A delay in deliveries to the UK from India and the need to retest a batch of 1.7 million doses is behind an expected shortfall in coronavirus vaccine supply in April, Britain's Health Secretary Matt Hancock has said.

Mr Hancock told MPs a partnership with the Serum Institute of India is one the UK "can be proud of", despite a delay in deliveries of the AstraZeneca vaccine from its plant.

He said: "We have a delay in the scheduled arrival from the Serum Institute of India.

"Now, I want to put on the record my gratitude to the Serum Institute of India for the incredible work that they're doing producing vaccine not just for us in the UK, but for the whole world.

"Their technology and their capability, which has been approved by the MHRA (Medicines and Healthcare products Regulatory Agency), is remarkable.

"The Serum Institute of India producing a billion doses of the Oxford/AstraZeneca vaccine this year, it truly is partnership that we can be proud of."

Mr Hancock also told the House of Commons a batch of 1.7 million doses of vaccine had been delayed in the last week due to the need to retest its stability.

"Events like this are to be expected in a manufacturing endeavour of this complexity and this shows the rigour of our safety checks," he said.

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As a result the health service in Britain is to suspend vaccination of people aged 49 and under, due to the significant shortfall in vaccine supplies. 

In a letter to vaccination project leaders, NHS England instructed them to prioritise giving existing recipients their second dose, rather than extending coverage to new cohorts.

It said the supply shortage is expected to last around four weeks, as a result of which "volumes for first doses will be significantly constrained".

The UK alone has followed a 12-week dosing interval for both the Pfizer and the AstraZeneca vaccines authorised in the country.

The ramping up of the vaccination programme in January and February means the number of people requiring a second dose will double from the start of April, and the NHS has directed that this group be prioritised for the available vaccine supply.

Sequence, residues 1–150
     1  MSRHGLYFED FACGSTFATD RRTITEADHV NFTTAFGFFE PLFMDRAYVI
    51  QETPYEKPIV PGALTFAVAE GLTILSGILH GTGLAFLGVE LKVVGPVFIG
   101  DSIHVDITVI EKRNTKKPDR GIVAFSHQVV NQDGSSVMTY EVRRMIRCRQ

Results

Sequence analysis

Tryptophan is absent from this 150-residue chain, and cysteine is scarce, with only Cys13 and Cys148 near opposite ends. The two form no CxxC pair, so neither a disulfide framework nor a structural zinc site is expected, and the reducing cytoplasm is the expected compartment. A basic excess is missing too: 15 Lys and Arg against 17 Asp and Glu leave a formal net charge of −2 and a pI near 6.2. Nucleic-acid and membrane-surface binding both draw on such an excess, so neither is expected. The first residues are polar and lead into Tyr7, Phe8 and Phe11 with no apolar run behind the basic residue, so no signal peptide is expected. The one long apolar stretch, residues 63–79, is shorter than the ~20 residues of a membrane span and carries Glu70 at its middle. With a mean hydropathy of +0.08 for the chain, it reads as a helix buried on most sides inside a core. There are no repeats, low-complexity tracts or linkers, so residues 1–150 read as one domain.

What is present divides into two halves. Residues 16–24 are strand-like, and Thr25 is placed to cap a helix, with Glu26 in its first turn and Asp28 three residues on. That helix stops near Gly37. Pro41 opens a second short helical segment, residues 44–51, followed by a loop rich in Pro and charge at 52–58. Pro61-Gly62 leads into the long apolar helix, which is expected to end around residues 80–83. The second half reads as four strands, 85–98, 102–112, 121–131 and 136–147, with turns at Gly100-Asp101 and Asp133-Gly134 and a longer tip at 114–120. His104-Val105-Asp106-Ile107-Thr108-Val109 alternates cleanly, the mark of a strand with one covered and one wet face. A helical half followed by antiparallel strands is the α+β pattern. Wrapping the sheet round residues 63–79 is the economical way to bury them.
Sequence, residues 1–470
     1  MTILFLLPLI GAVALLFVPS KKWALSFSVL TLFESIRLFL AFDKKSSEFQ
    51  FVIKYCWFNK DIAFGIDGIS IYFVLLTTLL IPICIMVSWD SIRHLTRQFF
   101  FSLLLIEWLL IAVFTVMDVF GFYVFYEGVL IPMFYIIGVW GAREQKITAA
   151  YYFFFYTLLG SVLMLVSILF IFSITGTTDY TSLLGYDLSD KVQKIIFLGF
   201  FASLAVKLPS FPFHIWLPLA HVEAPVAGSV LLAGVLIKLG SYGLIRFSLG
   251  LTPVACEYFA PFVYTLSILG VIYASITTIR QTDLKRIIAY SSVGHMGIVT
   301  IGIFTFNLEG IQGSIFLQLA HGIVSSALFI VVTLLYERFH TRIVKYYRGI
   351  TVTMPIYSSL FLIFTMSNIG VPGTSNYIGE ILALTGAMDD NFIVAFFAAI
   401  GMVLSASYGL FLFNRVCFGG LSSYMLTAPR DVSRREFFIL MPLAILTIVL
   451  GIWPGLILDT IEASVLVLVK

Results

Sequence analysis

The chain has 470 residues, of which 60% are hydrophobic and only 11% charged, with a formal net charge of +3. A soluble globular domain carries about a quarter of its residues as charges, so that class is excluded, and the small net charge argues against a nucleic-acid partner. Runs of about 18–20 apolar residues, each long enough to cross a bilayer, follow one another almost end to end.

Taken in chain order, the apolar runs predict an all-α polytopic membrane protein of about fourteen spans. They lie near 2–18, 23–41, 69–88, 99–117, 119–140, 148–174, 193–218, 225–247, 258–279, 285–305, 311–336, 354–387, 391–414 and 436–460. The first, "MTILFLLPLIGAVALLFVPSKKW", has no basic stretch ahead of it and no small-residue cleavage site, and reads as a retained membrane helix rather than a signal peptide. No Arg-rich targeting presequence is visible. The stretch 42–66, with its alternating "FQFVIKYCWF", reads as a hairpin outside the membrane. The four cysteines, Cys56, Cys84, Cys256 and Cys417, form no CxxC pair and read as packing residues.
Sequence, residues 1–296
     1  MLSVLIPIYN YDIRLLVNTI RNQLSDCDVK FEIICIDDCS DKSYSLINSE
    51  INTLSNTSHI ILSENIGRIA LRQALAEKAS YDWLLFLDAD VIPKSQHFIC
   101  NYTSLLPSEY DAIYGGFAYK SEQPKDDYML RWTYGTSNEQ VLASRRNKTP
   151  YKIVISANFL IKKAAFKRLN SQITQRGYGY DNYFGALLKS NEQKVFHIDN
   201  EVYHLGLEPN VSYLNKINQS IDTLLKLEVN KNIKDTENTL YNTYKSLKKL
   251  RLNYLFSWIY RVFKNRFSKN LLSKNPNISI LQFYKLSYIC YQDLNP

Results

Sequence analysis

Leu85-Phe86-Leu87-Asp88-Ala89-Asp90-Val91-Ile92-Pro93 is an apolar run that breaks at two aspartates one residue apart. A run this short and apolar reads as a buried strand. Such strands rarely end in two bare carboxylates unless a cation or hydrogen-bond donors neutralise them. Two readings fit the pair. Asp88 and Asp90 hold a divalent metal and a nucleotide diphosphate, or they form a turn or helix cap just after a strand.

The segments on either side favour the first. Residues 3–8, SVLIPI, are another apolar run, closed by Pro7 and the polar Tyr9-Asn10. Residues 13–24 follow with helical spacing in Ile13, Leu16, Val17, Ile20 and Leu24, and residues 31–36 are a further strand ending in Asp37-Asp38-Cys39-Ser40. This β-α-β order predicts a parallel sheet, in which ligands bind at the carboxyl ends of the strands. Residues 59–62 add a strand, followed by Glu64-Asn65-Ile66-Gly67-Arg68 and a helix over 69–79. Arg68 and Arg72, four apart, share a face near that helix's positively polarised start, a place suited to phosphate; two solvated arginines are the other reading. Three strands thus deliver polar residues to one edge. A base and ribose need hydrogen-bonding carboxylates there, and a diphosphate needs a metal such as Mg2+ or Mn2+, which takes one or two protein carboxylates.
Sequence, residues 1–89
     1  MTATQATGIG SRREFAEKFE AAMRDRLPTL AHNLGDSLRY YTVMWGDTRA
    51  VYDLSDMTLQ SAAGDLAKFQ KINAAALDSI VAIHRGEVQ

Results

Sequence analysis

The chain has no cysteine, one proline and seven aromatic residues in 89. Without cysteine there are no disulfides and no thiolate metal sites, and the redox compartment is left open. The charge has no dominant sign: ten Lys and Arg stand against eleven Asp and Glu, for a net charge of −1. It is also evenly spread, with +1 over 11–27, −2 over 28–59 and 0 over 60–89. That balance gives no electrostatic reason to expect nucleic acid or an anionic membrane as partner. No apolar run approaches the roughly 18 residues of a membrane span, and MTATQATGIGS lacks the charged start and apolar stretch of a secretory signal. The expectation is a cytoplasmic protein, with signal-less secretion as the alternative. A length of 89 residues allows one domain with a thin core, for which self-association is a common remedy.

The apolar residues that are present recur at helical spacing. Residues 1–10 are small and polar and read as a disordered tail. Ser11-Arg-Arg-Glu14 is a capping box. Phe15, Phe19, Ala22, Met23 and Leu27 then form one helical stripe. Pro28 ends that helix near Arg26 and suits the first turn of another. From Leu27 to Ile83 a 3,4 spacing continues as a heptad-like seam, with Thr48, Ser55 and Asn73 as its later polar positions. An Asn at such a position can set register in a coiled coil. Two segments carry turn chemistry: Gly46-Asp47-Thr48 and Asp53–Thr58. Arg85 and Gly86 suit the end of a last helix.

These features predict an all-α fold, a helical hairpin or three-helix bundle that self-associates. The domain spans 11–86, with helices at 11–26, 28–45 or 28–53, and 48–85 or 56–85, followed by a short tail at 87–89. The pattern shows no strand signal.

It means no new bookings will be taken for people aged 49 and younger unless there are exceptional circumstances, such as clinical vulnerability or employment in the health service or as caregivers.

The health service has instructed vaccination centres to prioritise "short-life stock (vaccines close to their use-by date) to avoid wastage; put in place reserve lists of people who could be vaccinate; and share longer-life stock between regional units so that supply and demand are better met.

The letter states "from today, the supply constraint means vaccination centres and community pharmacy-led local vaccination services should close unfilled bookings from the week commencing 29 March and ensure no further appointments are uploaded to the National Booking system or local booking systems from 1 to 30 April".

Health Secretary Matt Hancock told a Downing Street press conference that the nation was "on course" to meet the target of offering a first dose to all over-50s by 15 April.

Ministers have pledged that all adults will be offered a vaccine by the end of July.

Asked about the issue at the Downing Street coronavirus briefing yesterday, Mr Hancock said: "Supply is always lumpy and we are on course to deliver the offer that everybody who is aged 50 and above will be able to get vaccinated by the 15th of April. I recommit to that today.

"We are committed to all adults being able to get the jab by the end of July and we are on track to deliver on that commitment."

He added: "We regularly send out technical letters to the NHS to explain the ups and downs of the supply of the future weeks and what you are referring to is a standard one of those letters."

He said there would be a focus on vaccinating the most vulnerable before moving on to the over-40s.

Separately, over 300 Northern Ireland pharmacies are to assist with the Covid-19 vaccination programme.

Northern Ireland's Department of Health has set 30 March for the official launch of the initiative but it expects many pharmacies will begin providing the service before then.

Since the beginning of this week, those over 50 have been able to book a vaccine appointment. 

Health Minister Robin Swann said the pharmacies' involvement and the opening of a mass vaccination at Belfast's SSE Arena on 29 March will help build momentum.

Additional reporting Sean Whelan, Tommie Gorman